To Fumigate or Not to Fumigate: That is the Question

by | Sep 23, 2019 | Lice Treatments | 0 comments

After you have been dealing with head lice in your home, the last thing you want is a repeat of the problem!  Dealing with weeks of stress and struggle and now, everyone in your family is officially head lice free.  The next steps you take are just as important! Make sure your home is head lice free. 

Sometimes the initial reaction can be dramatic. Throw away the bedding! Remove the mattress! Put the furniture outside! Or even, fumigate the entire house! 

Is Fumigation The Best Approach to Protecting Your Home?

No. Using fumigation or chemical insecticides to treat your home for head lice is not necessary. In fact, it is NOT recommended. Pest control products that would kill head lice or nits contain chemical insecticides that can be potentially harmful to family members and pets if inhaled or absorbed into the skin. They are not necessary for removing lice from homes. The best approach to take is basic cleaning of carpets, bedding, tapestries, and furniture where fabrics could be harboring lice. Use bleach water or Lysol to clean surfaces and wipe off any traces of lice. Laundering of bed linens, clothing, and towels is also important to eliminate lice and nits. Make sure to use hot water and high dryer settings. 

Would I be Better Off Calling Pest Control?

Pest control companies are not necessary for removing head lice and their nits from your home. Again, harmful pesticides and toxins can be damaging to your family and any pets living within the home. These extreme measures are not recommended as simple cleaning methods such as washing and vacuuming will effectively eliminate lice that could be lingering around your home. 

Should I Bag items for Two Weeks?

Head lice need a human scalp to survive, period.  Head lice will only live up to two days if they have fallen off of a scalp and do not have a host to provide heat and food. Nits or lice eggs will also die without the constant warmth and moisture from a human host. Nits that fall off or leave a scalp will die within a few day’s time. Therefore, the bagging of items is not necessarily the most effective approach in removing lice from personal items as long as appropriate cleansing steps are taken. Another alternative is placing items such as stuffed animals, plush toys or throw pillows into a hot setting on the dryer for 30 minutes. Don’t forget the bathroom towels! Towels touch hair often and are usually overlooked when you think about preventing head lice.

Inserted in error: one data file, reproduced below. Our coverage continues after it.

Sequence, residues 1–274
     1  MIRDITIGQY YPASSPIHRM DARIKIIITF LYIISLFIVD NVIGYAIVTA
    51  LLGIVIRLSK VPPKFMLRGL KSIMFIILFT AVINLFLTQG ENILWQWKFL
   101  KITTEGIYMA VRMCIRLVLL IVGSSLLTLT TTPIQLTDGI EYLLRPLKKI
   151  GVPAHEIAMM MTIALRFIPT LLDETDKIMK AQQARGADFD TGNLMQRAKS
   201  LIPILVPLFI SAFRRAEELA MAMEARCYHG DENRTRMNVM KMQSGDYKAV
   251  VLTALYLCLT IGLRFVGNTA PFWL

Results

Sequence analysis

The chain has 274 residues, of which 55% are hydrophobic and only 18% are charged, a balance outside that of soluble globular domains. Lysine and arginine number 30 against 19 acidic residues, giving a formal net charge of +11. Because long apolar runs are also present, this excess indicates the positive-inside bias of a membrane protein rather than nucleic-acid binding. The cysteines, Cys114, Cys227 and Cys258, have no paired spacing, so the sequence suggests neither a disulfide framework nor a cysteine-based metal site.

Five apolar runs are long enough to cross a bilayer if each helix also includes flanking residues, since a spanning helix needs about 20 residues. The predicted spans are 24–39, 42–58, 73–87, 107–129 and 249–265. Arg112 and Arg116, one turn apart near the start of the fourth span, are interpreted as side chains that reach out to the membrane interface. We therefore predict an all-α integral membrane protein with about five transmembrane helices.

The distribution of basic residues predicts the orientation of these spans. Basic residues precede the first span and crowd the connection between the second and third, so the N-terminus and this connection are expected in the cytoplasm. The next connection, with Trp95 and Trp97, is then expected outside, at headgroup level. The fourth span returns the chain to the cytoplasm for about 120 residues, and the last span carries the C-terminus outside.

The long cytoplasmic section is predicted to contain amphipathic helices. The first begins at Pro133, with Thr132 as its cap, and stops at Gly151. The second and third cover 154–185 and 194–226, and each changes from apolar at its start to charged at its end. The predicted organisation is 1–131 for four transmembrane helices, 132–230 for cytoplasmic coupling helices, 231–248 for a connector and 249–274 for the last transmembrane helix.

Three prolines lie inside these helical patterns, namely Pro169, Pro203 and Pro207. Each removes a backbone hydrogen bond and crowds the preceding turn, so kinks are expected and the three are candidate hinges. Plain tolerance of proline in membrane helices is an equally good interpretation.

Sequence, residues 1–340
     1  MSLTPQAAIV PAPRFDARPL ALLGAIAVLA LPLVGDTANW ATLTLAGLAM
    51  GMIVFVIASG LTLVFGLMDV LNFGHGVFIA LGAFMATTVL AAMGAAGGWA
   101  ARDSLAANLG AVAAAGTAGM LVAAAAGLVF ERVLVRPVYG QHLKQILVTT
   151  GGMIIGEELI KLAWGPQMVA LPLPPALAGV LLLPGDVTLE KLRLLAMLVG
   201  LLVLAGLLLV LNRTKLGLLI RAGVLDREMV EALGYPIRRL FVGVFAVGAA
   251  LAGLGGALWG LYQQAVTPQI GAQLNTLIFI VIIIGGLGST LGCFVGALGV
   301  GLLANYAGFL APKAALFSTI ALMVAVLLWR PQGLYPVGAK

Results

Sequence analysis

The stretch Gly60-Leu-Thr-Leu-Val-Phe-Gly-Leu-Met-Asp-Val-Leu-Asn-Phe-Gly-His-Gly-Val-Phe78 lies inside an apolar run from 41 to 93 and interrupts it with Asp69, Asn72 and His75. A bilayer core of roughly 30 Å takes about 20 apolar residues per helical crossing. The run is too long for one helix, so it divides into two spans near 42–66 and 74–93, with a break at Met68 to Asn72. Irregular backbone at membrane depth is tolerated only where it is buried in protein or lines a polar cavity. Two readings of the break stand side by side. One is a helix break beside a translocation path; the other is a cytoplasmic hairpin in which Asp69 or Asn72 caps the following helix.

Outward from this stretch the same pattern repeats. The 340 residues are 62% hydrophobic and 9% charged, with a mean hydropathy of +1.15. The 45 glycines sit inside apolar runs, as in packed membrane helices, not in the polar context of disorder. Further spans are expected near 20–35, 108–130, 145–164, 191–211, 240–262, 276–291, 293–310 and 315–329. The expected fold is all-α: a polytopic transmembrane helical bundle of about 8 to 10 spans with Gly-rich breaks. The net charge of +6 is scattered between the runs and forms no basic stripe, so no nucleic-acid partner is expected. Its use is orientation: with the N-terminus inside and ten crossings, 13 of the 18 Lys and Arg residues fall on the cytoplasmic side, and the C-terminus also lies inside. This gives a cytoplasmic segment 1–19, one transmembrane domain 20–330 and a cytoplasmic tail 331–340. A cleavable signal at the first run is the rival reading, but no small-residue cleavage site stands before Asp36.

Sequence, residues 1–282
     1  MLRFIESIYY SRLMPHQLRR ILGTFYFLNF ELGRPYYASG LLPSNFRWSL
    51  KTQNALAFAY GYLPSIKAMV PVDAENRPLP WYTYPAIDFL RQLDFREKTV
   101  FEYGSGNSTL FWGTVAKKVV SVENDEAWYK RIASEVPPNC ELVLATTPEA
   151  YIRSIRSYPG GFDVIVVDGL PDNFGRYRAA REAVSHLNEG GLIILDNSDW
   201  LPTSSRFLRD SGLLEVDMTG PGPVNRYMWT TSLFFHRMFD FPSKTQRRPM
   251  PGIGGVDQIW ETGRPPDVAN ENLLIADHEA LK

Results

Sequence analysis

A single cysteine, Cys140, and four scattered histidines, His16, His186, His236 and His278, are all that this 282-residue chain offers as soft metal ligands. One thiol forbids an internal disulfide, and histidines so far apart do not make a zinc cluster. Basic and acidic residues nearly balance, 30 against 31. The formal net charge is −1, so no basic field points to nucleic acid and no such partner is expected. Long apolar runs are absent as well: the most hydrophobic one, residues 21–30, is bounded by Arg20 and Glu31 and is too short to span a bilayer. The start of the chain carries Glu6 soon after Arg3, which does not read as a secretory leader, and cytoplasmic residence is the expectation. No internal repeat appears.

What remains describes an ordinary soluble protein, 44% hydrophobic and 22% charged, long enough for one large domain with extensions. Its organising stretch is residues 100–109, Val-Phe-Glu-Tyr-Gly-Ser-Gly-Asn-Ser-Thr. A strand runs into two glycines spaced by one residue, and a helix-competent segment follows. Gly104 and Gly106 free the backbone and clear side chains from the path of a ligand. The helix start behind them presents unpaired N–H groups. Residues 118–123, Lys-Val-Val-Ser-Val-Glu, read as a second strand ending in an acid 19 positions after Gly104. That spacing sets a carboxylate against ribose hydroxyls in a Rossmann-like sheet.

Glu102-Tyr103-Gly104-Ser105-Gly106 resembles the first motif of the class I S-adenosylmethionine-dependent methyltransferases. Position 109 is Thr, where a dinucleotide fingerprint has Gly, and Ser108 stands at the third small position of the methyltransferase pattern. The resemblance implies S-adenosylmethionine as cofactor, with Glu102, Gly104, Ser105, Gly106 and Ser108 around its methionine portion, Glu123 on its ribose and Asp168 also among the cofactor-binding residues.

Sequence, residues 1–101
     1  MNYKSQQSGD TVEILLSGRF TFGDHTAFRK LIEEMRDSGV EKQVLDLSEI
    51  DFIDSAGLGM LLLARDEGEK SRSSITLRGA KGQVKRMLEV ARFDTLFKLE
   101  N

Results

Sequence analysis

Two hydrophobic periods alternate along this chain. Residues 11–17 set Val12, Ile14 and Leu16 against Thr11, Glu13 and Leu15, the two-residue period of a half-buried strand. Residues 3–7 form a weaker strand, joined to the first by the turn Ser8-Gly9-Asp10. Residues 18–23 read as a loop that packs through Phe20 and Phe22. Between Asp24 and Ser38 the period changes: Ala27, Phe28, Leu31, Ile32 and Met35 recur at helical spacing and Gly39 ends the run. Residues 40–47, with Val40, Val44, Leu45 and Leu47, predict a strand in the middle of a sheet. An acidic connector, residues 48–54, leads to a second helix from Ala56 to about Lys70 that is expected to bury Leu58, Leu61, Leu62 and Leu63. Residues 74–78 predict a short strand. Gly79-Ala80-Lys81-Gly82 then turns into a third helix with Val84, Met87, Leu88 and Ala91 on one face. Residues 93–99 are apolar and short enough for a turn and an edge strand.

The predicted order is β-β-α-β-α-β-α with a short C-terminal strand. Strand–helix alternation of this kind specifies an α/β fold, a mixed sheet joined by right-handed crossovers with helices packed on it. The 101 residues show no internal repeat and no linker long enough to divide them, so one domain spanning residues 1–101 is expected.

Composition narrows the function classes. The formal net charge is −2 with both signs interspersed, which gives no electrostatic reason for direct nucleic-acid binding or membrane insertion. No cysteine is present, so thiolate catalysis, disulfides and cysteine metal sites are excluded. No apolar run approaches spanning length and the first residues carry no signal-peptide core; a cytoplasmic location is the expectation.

Dry Cleaning vs. Laundering at Home

You simply can’t go wrong with either option. Washing clothing, bedding, towels, or anything with fabric that would possibly be carrying lice or nits in hot temperatures of at least 130 degrees will eliminate the risk. Dry cleaning of items is also just as effective. However, you have to consider the best option for you as it is more costly and can be more difficult to remove all items and take them to a dry cleaning facility. If you have an effective washing machine at home to soak, wash and dry the items it is an excellent option.

Do My Pets Need to be Treated for Lice?

No. Pets do not pose any risk of carrying or infecting people with lice. Head lice are carried through human contact and are not a problem that involved cats or dogs in any way.